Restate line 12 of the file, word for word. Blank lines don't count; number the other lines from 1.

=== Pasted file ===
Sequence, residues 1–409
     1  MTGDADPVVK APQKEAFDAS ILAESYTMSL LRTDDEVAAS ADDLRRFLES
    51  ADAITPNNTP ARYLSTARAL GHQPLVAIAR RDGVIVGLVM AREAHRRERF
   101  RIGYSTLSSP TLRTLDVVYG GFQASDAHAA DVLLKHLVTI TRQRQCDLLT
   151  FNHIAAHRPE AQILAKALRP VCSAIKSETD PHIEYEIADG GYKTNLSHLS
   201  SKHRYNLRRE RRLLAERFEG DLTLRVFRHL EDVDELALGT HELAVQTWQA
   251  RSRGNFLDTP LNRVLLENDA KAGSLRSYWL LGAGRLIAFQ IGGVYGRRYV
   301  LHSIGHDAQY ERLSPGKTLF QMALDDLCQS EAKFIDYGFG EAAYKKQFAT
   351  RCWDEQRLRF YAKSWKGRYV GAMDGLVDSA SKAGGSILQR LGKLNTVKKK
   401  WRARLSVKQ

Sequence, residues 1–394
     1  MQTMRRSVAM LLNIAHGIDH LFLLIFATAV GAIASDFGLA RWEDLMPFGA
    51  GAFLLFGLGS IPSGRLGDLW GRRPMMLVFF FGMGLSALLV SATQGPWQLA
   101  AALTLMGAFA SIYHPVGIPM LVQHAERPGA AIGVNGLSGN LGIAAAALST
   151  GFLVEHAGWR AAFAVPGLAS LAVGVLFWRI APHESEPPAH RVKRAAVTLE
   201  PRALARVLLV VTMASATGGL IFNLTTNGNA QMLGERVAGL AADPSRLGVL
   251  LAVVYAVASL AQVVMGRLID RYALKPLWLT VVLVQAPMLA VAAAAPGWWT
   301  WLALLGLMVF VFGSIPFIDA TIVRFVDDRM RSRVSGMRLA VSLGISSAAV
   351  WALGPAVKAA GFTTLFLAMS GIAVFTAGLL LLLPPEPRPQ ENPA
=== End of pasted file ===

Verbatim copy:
     1  MQTMRRSVAM LLNIAHGIDH LFLLIFATAV GAIASDFGLA RWEDLMPFGA